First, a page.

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Should I capture network traffic in the air or on the wire?

The answer to the question: “Should I capture network traffic in the air or on the wire?” typically depends on the issue that has been reported or is being investigated. In this post, we specifically address the issue of wireless connectivity problems. Bottom line, dealing with specifics in WLAN analysis doesn’t have to be complicated, you just need to know where to look.

Let’s start where a user typically starts, connecting to the WLAN. Not only is this a great starting place, it’s also one of the most commonly reported problems. Connectivity issues should first be investigated by looking at the wireless traffic. Can you even see any packets coming from the wireless client? At a minimum, the client should be generating probe requests, packets sent by the client as it searches for an AP. If no probe requests are seen from the wireless client, it is clear the issue is with the client itself, most likely a configuration issueadult water slides for sale. An investigation of the user’s computer is now required.

Assuming the user is “on the air,” i.e. sending probe requests, more analysis of wireless traffic is required. The next things to look for are 802.11 management packets related to establishing a connection between the client and an AP. These include Association Request frames and Authentication frames. The user should be generating Association Request frames if it is trying to connect to an AP. If this association is failing, you will see either repeated association requests from the client without corresponding Association Response frames from the AP, or you will see sets of Association Request frames, Association Response frames and Disassociation frames. In either case, a detailed review of the configuration parameters on both the client and the AP is required as a configuration mismatch is the most likely the cause of the problem.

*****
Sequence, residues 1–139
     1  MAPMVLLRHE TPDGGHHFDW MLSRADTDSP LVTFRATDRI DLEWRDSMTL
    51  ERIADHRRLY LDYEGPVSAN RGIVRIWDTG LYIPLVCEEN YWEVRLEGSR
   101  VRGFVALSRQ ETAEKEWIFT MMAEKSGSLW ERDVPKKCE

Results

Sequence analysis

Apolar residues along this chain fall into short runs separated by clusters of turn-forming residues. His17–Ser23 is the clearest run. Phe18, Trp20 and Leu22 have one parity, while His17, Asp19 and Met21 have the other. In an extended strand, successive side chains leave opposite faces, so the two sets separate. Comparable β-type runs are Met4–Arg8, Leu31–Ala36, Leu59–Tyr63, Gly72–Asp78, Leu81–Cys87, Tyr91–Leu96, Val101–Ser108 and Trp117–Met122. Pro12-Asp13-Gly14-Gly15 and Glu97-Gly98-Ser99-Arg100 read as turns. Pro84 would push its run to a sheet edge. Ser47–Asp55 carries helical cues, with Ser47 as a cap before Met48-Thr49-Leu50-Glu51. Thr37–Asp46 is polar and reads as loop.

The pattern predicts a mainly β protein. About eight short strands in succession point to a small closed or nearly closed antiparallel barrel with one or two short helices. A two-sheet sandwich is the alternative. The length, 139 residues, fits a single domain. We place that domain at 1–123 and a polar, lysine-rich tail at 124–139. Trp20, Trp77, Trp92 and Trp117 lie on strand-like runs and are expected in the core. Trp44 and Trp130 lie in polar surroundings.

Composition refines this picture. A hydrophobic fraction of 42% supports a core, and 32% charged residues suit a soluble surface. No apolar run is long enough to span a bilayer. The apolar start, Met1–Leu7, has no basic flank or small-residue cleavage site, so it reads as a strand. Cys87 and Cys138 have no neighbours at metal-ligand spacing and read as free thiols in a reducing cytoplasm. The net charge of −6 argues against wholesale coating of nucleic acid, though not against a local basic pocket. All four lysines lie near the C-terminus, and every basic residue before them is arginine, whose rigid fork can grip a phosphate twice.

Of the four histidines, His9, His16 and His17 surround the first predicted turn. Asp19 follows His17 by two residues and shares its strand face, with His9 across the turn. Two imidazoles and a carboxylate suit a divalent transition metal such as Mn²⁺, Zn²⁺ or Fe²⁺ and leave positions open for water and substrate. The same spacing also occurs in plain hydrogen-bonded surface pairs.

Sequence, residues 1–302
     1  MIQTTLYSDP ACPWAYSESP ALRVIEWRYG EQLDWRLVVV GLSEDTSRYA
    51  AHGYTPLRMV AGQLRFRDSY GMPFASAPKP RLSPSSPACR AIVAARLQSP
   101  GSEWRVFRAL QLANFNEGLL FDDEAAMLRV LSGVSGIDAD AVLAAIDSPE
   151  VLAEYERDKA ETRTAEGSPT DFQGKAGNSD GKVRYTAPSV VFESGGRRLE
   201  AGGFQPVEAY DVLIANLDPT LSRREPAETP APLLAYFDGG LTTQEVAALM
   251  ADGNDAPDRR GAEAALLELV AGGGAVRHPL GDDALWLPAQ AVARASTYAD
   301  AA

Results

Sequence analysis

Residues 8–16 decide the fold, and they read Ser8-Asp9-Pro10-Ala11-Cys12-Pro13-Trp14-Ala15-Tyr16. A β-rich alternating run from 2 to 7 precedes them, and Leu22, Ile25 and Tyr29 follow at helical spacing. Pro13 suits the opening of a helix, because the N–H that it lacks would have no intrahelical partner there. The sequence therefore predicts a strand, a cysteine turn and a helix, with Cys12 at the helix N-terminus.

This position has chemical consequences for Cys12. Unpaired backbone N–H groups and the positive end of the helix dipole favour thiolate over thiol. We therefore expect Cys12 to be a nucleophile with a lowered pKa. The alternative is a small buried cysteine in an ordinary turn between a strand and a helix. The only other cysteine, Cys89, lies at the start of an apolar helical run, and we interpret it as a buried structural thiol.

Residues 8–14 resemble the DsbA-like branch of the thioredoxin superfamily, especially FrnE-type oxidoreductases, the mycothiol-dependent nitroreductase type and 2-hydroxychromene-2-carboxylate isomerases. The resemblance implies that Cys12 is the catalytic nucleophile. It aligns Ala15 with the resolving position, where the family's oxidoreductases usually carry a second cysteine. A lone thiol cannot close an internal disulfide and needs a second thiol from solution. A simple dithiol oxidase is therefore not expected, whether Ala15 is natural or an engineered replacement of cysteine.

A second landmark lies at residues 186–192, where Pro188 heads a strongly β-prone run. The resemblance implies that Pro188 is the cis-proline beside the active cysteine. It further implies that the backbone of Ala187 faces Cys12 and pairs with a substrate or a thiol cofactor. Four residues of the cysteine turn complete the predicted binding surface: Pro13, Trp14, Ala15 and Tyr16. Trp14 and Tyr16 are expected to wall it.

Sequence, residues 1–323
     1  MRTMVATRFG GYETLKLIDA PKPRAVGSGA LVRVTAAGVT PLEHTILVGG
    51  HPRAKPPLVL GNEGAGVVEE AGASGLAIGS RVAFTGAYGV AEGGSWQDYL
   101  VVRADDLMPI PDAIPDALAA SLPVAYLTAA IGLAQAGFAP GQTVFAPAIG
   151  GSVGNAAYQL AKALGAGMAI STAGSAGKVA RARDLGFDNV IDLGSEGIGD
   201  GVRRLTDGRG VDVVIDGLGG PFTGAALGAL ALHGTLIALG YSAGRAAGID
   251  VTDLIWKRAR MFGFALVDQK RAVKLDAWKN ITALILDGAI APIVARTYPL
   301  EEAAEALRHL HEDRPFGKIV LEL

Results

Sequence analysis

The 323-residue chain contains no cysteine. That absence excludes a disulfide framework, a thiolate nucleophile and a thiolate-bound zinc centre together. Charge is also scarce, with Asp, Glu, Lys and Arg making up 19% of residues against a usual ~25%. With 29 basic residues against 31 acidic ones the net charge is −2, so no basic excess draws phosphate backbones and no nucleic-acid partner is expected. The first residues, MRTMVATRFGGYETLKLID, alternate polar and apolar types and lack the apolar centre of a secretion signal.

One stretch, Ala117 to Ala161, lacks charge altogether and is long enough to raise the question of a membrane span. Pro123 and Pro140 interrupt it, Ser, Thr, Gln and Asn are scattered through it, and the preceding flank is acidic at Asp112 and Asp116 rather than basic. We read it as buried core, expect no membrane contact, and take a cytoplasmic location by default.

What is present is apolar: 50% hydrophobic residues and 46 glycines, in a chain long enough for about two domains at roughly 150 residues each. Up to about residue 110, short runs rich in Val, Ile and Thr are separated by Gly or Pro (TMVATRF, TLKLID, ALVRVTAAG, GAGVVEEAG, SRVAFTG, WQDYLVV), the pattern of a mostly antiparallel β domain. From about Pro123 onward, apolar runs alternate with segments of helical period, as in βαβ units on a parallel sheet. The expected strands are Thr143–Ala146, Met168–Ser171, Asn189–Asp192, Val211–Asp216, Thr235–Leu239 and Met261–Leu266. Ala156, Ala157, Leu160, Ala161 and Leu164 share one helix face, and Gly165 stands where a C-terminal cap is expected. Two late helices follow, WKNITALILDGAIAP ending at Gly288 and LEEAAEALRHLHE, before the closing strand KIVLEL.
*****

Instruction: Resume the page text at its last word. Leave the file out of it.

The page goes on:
Once the association is successful, authentication must then be verified. The number of packets involved in authentication depends on the type of authentication being used, from “open” to “WPA2″. In any case, analysis on the wireless side of the network is the place to start. If authentication is failing, analysis of an Authentication frame should reveal if the authentication request is being denied, and why. It is at this point in the analysis that wired-side analysis becomes critical, as most authentication schemes involve wired communication between the AP and an authentication server. If the wireless analysis performed so far indicates the proper exchange of packets, the cause is most likely on the wired side of the network. Typical issues include a hardware or routing issue between the AP and the authentication server, a configuration mismatch, incomplete authentication data, or no response from the authentication server.

Though quite common, connectivity issues are only one of the common problems that exist in WLANs. In future posts we will discuss some of the other common problems, with the focus of how to best capture data to solve the problem, over the air or on the wire.

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